This is a post by FlowReader’s Product Owner, Zee Kulsariyeva

I always find it interesting to think about or predict where the web is heading. In my opinion, the main traits that will make apps prosperous in the near future are accessibility and usability, whatever that means technologically — cloud-based data, big data, mobile responsiveness, etc.
Today, I wanted to share some unique services with you, which in my opinion, provide insight into what makes for great UX (user experience) design. More specifically, the aesthetic aspects of UX that make an app easy-to-use, accessible, and useful.


Once upon a time, a very pretty service named Pinterest met a charming service called Delicious. If you ever wondered what a child between the two would look like – take a look at ChannelKit.
It’s well-designed and simplistic, easy-to-use, and extremely useful. ChannelKit stores and organizes your bookmarks visually. Plus, you can share channels publicly, embed them on blogs, or email them to your community.
There have been numerous attempts to create a strong bookmark storing service since Delicious stopped providing solid UX, but ChannelKit stands out in my mind because of its innovative approach to user experience.
As  a female product owner, I also love to check out how Nina Zavrieva, Lara Simonova, and Lisa Oreshkina (the amazing founders and designers behind this project) creatively showcase the best public channels published on the Kit.


Do you like to generate ideas and organize them instantly? Do you also like to be able to analyze and collaborate when you’re brainstorming?  If yes, then you should try Coggle.
This service takes mindmaps and displays them in an aesthetically pleasing (think Japanese cuisine) and functional way. This is the easiest mind-mapping service I’ve ever had the pleasure to test out, and as a designer, I personally applaud the absence of visual clutter here.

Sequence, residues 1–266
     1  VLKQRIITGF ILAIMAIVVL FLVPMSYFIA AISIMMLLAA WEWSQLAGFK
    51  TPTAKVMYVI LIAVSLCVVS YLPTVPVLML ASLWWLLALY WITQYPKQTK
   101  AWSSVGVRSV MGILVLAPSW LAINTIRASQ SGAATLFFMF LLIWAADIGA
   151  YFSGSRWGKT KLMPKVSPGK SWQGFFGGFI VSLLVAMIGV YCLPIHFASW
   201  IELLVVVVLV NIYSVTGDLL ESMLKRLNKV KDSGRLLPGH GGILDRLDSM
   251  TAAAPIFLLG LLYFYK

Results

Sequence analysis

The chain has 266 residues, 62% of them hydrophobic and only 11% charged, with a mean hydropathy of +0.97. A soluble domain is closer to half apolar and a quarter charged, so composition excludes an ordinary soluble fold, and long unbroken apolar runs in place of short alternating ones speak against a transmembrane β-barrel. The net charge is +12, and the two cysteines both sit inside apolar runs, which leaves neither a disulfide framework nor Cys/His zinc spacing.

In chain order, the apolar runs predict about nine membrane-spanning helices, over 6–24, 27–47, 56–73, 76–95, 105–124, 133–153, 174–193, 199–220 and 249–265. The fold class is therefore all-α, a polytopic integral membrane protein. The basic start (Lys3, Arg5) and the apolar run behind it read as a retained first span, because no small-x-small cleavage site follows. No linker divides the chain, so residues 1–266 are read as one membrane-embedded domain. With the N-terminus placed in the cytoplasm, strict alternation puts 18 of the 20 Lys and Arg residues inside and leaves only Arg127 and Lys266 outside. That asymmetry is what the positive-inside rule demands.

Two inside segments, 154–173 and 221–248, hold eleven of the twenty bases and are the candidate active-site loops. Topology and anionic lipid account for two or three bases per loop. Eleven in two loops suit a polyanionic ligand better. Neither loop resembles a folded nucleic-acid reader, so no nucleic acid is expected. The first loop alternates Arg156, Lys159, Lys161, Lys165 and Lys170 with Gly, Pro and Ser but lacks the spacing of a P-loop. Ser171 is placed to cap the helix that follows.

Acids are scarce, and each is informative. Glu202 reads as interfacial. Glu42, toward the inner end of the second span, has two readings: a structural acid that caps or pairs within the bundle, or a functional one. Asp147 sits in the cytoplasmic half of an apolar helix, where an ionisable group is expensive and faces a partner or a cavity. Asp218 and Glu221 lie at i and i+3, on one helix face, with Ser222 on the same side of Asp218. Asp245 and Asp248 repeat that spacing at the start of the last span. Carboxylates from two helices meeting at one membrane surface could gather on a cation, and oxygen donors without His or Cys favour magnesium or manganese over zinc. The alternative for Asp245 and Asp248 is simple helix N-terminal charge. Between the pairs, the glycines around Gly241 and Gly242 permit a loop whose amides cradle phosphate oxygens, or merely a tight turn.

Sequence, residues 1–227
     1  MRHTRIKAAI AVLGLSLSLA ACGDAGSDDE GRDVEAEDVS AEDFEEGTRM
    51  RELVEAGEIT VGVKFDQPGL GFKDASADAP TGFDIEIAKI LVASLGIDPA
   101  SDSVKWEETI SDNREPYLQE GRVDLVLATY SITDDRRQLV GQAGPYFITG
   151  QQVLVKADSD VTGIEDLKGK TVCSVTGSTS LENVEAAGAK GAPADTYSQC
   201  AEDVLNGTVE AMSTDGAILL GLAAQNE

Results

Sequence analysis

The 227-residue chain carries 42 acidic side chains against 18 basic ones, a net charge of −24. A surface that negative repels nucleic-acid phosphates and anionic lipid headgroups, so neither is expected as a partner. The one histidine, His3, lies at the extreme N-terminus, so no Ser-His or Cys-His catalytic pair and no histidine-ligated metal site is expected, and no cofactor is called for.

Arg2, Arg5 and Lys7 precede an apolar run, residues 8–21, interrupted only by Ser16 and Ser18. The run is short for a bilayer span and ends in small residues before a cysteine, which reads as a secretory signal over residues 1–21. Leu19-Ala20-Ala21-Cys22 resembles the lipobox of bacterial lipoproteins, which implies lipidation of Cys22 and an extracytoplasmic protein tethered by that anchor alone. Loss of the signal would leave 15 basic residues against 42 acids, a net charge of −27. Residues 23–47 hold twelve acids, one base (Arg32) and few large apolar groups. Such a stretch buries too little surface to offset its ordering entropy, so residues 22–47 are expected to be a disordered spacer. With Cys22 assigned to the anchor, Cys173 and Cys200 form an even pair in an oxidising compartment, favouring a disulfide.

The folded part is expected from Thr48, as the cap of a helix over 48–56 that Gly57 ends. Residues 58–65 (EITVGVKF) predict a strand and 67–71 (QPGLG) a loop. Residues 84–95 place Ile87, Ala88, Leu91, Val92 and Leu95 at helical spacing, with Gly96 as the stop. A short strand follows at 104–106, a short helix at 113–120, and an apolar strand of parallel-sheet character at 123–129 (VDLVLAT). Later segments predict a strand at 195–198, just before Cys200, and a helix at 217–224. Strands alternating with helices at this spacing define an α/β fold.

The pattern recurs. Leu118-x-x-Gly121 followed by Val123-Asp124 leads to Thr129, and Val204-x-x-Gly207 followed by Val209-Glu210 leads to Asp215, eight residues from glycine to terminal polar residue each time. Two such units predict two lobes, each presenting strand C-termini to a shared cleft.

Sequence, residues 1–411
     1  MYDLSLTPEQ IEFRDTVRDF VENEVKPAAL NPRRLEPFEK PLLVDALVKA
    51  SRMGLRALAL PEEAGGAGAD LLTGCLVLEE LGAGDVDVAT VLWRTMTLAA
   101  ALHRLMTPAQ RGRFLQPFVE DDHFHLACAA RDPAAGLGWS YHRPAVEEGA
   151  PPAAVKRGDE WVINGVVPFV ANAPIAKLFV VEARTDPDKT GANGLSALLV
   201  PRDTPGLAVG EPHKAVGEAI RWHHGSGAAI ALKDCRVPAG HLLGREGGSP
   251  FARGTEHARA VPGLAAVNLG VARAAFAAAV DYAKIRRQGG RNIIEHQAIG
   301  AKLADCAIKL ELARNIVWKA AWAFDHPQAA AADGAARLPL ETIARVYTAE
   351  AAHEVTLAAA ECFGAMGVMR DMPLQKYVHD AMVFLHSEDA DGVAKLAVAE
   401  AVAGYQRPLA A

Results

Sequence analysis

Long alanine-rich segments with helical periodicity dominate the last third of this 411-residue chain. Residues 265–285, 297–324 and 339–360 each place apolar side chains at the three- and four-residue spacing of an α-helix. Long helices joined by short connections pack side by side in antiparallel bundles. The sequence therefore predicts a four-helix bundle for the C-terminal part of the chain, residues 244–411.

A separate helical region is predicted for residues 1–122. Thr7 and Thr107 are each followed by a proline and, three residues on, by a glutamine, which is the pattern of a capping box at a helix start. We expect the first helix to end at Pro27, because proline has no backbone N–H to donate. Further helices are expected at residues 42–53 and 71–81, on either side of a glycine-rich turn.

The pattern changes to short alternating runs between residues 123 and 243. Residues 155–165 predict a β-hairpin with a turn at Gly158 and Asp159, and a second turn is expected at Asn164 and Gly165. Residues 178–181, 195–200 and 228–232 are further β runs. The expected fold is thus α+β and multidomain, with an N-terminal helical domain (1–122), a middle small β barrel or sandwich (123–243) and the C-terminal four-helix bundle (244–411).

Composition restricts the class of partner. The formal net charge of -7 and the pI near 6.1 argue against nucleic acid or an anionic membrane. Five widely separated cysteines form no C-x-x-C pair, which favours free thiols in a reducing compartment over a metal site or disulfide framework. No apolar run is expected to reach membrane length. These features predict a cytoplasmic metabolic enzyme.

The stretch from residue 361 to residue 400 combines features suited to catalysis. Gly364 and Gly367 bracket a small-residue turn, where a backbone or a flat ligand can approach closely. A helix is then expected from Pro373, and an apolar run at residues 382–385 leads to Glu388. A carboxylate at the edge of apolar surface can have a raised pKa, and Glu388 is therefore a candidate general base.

Think Gaming 

I like Think Gaming for so many reasons, but these are the big ones. It’s pretty,  it’s packed with big market data and figures, and it’s a great example of a well-done dashboard design. Behold, game developers!


If you’re a geek like me, and even if you’re not geeky at all, you’ll love this one.  IFTTT (rhymes with “drift” and short for “If This Then That”) allows you to create simple sequences of actions that connect the functionality of multiple services into a single string. If this happens, then do that: “If the President signs a new law, then send me an SMS”.
This is the type of service I love because there’s endless possibilities! For example, I’ve started using a recipe that posts a quick note to my Facebook profile every time I upload a new photo on Instagram, which asks my friends to check out my photo (and decide whether I’m a hipster or not). It’s a simple service to set up and easy-to-use. One of my favorites.

100,000 Stars 


It’s spring! Time to start listing to guitar and gazing up at the stars. Developed at the Chrome Workshop sandbox, 100,000 Stars displays our Solar System and nearby stars accurate proportion to our location with interesting facts interspersed throughout the experience.   Beautiful.
P.S. You might also want to check out the Chrome Workshop, it’s pretty cool, too. 

Zee Kulsariyeva is the product owner and UX designer at FlowReader. Her favorite party trick: She can name and differentiate between 30-50 shades of green. Check out more of her work at